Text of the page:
Nutrition in Animals: What food can be given to them?
This article aims to delve into nutrition in animals from the perspective of the SSC CGL/CHSL and Banking examinations.
Unlike plants, animals cannot make their own food and depend on other
organisms for their survival.
Animals are also known as heterotrophs.
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They are the primary and secondary consumers in the food chain.
The process of animal nutrition involves the following steps:
Ingestion– the process of taking food into the body is called Ingestion.
Digestion– It is the process in which large components of food are broken down into small consumable components.
Absorption– The process of consuming the nutritional components of food into the blood stream.
Assimilation- The process of using nutrition for energy, growth and repair is called assimilation.
Egestion– The process through which undigested food is excreted from the body is called Egestion.
Animals are divided into 3 groups on the basis of their food habits:
a) Herbivores– those animals that eat only plants and their products such as grass, leaves, fruits, etc. are called herbivores. E.g. Goat, sheep, elephant,
b) Carnivores– those animals which depend on consuming other animals for their survival are called carnivores. E.g. Lion, Tiger, Frog, etc.
c) Omnivores– those animals which eat both plants and animals are called
omnivores. E.g. Humans, Bears, Crow, etc.
Food Chain: It is a linear network of food consumption which starts from
the primary producers such as plants and moves on to the consumers of
the plant and finally ends with decomposers.
E.g. carrot (primary produce) ⇒ rabbit (primary consumer) ⇒lion
(secondary consumer) ⇒ vulture (tertiary consumer)
Food web: The interconnection of multiple food chains is called a food web.
Nutrition in Humans
The food we eat passes through a canal in our body that is known as the
Liver, Pancreas and Salivary Glands secrete digestive juices into the
The following organs of the human body are involved in the process of
nutrition. They are:
Mouth: Ingestion takes place through the mouth. The mouth contains
tongue, teeth and the salivary glands. The 32 teeth in the mouth have
different uses in the process of digestion. Saliva produced by the salivary
glands helps breakdown carbohydrates in the mouth. The teeth are of the
The 4 front teeth are incisors. They are used for biting and cutting.
Teeth next to the side of the incisors are called canines. They are pointed and used for tearing food.
The teeth at the back are called molars and premolars. They are used to
chew and grind food.
The teeth are covered with a white substance called enamel.
The pipe which connects the mouth to the stomach is called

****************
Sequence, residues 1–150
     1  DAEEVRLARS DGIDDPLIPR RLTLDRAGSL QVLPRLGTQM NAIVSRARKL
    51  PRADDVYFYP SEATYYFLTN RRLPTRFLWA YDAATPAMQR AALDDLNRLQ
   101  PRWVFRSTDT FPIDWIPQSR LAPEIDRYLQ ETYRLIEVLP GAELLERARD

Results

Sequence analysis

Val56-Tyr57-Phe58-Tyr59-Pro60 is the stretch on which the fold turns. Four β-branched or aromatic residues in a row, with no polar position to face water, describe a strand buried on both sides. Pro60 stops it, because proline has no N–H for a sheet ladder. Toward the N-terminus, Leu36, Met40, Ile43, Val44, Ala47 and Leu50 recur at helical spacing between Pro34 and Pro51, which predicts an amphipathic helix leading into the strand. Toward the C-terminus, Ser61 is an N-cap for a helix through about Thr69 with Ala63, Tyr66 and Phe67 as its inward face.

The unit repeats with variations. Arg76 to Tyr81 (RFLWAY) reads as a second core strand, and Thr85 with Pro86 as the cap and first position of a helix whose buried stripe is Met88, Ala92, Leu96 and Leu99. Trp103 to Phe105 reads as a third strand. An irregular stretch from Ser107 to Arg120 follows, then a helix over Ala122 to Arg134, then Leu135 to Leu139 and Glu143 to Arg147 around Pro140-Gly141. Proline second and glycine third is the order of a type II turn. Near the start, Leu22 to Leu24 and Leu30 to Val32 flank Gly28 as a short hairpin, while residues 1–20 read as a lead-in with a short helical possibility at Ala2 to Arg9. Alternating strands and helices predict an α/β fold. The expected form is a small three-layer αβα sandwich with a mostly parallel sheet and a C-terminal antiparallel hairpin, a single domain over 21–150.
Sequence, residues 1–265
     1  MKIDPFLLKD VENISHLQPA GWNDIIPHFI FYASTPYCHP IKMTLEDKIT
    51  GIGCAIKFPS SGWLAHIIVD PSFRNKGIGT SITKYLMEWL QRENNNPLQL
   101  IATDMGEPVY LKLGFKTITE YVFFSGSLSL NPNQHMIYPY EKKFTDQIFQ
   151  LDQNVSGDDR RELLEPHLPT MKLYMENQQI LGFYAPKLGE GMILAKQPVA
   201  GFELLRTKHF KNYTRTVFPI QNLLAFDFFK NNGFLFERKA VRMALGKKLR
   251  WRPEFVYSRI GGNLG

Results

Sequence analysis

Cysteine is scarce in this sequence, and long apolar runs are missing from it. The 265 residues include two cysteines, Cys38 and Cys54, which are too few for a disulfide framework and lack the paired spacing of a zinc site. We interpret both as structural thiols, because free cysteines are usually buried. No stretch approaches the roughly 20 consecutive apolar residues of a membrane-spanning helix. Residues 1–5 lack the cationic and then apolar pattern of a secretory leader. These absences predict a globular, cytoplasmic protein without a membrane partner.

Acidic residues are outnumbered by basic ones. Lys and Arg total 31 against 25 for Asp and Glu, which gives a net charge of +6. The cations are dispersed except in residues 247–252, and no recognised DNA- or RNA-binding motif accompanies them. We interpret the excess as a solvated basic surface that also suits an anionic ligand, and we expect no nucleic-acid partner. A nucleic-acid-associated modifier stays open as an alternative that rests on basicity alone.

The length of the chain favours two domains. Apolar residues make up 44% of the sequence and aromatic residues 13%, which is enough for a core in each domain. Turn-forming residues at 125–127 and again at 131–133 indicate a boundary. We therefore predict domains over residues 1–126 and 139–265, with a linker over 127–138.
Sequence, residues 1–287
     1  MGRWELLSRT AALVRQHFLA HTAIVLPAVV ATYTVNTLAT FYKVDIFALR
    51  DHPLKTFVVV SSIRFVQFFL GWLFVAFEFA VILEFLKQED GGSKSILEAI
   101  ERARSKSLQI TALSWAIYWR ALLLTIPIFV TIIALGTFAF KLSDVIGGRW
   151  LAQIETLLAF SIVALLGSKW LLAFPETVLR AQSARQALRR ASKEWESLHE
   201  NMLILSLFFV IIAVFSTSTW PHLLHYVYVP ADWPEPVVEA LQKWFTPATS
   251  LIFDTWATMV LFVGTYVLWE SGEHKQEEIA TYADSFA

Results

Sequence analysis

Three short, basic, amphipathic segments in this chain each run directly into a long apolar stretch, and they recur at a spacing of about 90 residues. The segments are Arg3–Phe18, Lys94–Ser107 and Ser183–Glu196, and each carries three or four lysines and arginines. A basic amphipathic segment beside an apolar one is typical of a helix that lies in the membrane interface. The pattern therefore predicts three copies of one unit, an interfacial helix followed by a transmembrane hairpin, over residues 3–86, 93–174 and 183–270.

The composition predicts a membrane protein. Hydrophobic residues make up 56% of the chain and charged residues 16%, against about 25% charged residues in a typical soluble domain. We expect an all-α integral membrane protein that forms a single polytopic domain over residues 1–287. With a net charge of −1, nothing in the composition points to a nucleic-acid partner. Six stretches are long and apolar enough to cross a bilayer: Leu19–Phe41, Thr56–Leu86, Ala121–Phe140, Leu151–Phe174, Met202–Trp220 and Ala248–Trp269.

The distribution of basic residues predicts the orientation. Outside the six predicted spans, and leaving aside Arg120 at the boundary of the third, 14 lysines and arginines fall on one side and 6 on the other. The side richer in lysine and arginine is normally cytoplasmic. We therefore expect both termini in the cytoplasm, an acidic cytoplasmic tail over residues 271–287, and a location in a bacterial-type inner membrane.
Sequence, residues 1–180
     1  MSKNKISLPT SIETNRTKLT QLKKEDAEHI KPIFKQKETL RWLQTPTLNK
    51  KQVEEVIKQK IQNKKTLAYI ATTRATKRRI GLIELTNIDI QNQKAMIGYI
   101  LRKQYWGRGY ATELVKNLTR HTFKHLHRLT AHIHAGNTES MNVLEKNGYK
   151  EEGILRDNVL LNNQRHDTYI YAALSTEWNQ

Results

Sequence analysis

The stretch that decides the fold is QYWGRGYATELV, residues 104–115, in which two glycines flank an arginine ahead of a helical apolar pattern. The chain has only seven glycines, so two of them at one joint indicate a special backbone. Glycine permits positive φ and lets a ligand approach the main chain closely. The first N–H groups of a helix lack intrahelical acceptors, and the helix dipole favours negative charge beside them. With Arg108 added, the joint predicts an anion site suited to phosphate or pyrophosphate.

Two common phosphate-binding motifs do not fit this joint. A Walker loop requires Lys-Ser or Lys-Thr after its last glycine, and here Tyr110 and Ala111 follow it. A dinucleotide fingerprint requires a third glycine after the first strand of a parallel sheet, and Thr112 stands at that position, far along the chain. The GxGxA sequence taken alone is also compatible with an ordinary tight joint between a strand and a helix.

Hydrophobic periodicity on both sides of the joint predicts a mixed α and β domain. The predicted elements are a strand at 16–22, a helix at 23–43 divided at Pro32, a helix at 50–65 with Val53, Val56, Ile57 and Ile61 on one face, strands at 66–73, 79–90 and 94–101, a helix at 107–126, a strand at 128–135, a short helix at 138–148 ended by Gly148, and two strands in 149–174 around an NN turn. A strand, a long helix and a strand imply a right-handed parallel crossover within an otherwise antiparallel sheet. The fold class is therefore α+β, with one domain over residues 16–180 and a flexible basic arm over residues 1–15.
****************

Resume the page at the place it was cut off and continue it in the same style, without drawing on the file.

esophagus. The food moves through the esophagus through contraction
Stomach secretes the mucus, hydrochloric acid and few digestive
juices to breakdown the food to the simplest form. It is the widest part of
the alimentary canal.
This is where the complete digestion and absorption of the
food takes place. Bile produced by the liver helps in the digestion of fat.
Pancreas helps breakdown fats, carbohydrates and proteins into smaller
components. Villi are small tiny outgrowths in the small intestine which
increase surface area for absorption. The total length of the small intestine
is almost 7.5M.
Undigested food of the body is excreted through the large
intestine. Most of the water is absorbed in the large intestine. It is 1.5M
Undigested food is passed out through the body from the Anus.
Nutrition in Simple Animals
Simple unicellular organisms such as amoeba and paramecium nourish
themselves through phygocytosis.
Ameoba has temporary finger like projections called pseudopodia which help it ingest the food. The food vacuole of the amoeba acts as a temporary stomach for the food particle.
In the food vacuole secretes digestive juices inside the vacuole that help in its digestion.
The amoeba secretes waste out of its body by spurting out the waste through the nucleus.
Nutrition in grass eating animals
In grass eating animals, Buffaloes and other animals swallow grass and store it in a separate part of the stomach called Rumen. These animals have a complicated system.
In Rumen, the food is partially digested and is called cud.
Later cud comes back into the mouth when the animal is hungry and chews it.
This process is called rumination.
These animals depend on cellulose which is a complex carbohydrate.
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